All signs point to fun, stress-free final Daytona 500 for Danica
DAYTONA BEACH, Fla. -- When Danica Patrick raced for JR Motorsports from 2010 to 2012, her crew chief, Tony Eury Jr., put up a sign that pointed to the lounge in the team transporter that carried the cars and other equipment from track to track.
The sign read: "Key West."
The idea was to get people to relax, to have fun and to not get caught up in the drama of a race weekend. When Patrick called Eury last month about potentially serving as crew chief for her final NASCAR race, she said something to the effect of "How would like to spend 10 days in Key West?"
For Patrick, Daytona International Speedway is as close to the Key West feel as she can get in racing. Despite the track's unforgiving nature of racing, it made the most sense for Patrick to end her NASCAR career with the Daytona 500. She could have ended it last November at a place much closer to Key West, Homestead-Miami Speedway, where she competed in her final race with Stewart-Haas Racing.
But she wanted one more shot at a track where she feels she has a good chance to run well. She wanted to do it with a sense of happiness and not one of sadness over not finding a sponsor to extend her career.
"It's beautiful out there, and Tony is always funny ... [and] a really good, spirited, happy guy that knows what he is doing," Patrick said.
Patrick said she hopes to have fun as she ends her racing career with the Daytona 500 on Sunday and then the IndyCar Indianapolis 500 in May. Her pole for the 2013 Daytona 500 remains the only pole ever won by a female driver in NASCAR Cup history. Patrick finished eighth in that race, the highest finish by a female in the 59 years of the event.
But she also has failed to finish on the lead lap in her past five Daytona starts in Cup competition. Accidents have taken their toll as part of the unpredictable nature of the Daytona races.
"Like any other weekend, there is one person happy walking away, and the rest are frustrated," Patrick said. "Actually, a lot of times in Daytona, in super-speedway weekends, you walk away going, 'Well, go to bed' instead of being frustrated that you weren't close or you weren't in the ballgame.
"Of course, the goal is to win the race -- 100 percent. I don't really need any friends, so I might take that into consideration. On top of that, I hope that it's one of those things where they know I was there and had a great race and had a lot of fun."
Patrick will race at Daytona with Premium Motorsports, a typically underfunded race team but one that finished Michael Waltrip's career with an eighth-place finish in the Daytona 500 last year and had a guaranteed spot in the race.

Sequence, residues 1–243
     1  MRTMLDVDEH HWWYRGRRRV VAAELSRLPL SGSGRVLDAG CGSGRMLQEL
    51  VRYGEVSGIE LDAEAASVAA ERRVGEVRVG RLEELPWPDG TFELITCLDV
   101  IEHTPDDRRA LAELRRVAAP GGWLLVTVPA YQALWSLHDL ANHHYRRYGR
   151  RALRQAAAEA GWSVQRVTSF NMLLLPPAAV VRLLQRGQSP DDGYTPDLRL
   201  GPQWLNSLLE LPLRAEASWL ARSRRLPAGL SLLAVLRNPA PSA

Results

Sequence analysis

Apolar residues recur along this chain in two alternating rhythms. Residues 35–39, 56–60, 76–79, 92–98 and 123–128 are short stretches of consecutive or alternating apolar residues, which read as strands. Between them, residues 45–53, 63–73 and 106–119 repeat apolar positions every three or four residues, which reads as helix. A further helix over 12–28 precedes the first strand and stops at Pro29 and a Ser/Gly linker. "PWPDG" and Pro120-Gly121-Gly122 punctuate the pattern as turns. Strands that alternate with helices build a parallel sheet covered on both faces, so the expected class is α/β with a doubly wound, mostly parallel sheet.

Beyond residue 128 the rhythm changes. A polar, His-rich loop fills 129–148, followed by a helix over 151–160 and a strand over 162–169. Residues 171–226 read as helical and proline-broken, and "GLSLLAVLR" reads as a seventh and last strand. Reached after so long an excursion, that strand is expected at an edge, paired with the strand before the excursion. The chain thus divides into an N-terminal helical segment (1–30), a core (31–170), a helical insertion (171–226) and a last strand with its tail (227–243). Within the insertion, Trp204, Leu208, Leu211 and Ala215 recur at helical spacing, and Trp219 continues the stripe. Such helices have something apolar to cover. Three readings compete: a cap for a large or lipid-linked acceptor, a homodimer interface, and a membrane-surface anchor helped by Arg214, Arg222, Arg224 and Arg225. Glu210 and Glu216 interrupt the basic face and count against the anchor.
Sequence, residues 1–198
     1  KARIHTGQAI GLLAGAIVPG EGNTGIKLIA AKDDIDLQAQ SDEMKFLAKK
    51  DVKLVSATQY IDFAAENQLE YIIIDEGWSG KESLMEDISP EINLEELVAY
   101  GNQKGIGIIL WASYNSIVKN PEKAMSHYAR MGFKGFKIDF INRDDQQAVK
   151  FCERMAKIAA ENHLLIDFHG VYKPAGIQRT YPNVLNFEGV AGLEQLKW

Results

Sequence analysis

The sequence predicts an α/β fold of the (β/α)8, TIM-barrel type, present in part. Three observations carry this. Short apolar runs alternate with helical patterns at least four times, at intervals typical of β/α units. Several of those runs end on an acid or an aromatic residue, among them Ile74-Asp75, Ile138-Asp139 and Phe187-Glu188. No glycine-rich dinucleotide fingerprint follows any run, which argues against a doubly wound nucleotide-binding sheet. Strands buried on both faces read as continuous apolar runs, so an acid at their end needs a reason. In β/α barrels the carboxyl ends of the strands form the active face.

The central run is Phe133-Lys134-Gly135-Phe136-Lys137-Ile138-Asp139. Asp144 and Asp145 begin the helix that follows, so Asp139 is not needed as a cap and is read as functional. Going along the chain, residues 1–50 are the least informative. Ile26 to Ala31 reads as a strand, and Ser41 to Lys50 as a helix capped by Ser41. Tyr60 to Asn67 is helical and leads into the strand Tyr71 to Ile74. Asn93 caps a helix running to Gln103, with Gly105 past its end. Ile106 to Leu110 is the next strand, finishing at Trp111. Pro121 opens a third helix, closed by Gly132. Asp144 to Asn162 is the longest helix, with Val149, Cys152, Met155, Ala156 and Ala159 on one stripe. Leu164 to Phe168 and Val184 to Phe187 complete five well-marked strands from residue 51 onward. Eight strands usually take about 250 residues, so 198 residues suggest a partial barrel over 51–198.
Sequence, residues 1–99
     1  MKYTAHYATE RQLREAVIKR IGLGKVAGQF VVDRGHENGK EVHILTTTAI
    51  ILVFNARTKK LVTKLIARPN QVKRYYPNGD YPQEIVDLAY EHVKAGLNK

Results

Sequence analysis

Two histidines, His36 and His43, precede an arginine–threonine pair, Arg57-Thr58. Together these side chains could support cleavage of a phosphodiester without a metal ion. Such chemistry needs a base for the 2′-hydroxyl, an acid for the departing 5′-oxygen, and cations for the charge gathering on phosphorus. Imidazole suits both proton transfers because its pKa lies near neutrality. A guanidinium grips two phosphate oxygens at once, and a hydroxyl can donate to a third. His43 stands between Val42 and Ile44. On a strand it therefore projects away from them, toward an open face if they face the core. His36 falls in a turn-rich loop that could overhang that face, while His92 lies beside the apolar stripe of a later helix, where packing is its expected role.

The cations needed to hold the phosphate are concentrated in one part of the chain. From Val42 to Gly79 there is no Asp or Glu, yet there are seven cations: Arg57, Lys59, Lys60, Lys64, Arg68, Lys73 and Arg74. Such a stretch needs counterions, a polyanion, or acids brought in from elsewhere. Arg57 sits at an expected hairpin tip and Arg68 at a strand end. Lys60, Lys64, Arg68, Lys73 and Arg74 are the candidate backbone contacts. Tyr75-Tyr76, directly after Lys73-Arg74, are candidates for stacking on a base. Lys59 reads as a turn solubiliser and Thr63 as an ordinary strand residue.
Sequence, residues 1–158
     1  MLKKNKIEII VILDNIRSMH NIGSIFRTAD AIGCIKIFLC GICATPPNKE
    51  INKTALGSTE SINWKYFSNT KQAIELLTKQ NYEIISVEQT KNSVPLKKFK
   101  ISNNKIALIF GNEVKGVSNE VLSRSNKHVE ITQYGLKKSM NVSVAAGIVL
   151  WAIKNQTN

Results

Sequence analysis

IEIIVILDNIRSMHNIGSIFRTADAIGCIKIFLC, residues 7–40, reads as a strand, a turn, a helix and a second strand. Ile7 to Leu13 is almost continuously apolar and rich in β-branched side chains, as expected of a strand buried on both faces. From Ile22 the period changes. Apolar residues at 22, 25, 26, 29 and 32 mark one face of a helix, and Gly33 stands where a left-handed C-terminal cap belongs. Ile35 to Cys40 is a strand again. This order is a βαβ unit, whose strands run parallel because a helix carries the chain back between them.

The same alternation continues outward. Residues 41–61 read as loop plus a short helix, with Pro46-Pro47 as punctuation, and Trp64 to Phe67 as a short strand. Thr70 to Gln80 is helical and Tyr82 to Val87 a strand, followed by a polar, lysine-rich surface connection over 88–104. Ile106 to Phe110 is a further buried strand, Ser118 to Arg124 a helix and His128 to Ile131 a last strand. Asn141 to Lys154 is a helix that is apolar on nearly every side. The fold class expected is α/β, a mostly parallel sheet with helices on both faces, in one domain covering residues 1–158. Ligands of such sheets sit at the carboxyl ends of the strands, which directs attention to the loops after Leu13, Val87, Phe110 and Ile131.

Eury, who went into the late model manufacturing business after leaving racing, came on board in the past couple weeks at Premium for this event. He remembers the good days with Patrick, when she won a pole for the Xfinity race in 2012 and he helped guide her to a 10th-place finish in the Xfinity race in July 2011.
"It's basically a non-pressure weekend," Eury said. "She wants to have fun like we had when she started, and that's the way she wants her last weekend to be ... remembering how she came in, where things were a lot of fun, but we were competitive."
Patrick will start 14th in her qualifying race Thursday, after finishing 28th out of 40 cars in single-car qualifying last weekend. She expects to run conservatively in the qualifying race because the team wants to have the primary car intact for the Daytona 500 on Sunday. She said it almost feels like any other season, when she returns in February after not being in a car since November.
"I don't think it does much good to treat this much different than I ever have in the past, other than perhaps just not get too wrapped up in worrying about every last detail and have some fun," Patrick said.
The dynamic of racing at Daytona typically keeps the cars in one big pack. New aerodynamic rules for the cars this year could potentially break the pack into smaller groups, but most drivers will enter the race with the expectation to be in the fastest pack for the final third of the race.
"You just hope that you're in contention," Patrick said. "The only way that things could get split up is that somehow the end of the race turns into a long stint. And there's a pit stop, and there's a broken-up group.
"That's all that you can think of that would make it smaller, but you hope that you're in contention and that you're there."
In other words, they will roll the dice when necessary -- with an eye on the finish.
"This [Daytona 500] is probably one of the easier races that you could ask for it to happen," Eury said of Patrick's choice to end her NASCAR career. "Anything can happen here. You've just got to be smart, put yourself in a good position where you don't get wrecked. It's a gamble for everybody. So you can come out of here smelling like a rose, or you can go home a loser. We're going to give it a good shot."
Patrick said the Daytona 500 absolutely is the best place for her to end her NASCAR career.
"It's the biggest race of the year," she said. "It's where I made the most news. I made the most news in the Daytona 500 and the Indy 500 in both sides of the career.
"It makes great sense. I know it is the start of a season instead of the end of one, but it's the biggest one of the year, and people have a shot at that one."
Daytona is a happy place?
"Sure," Patrick said. "There's a beach ... and so much potential."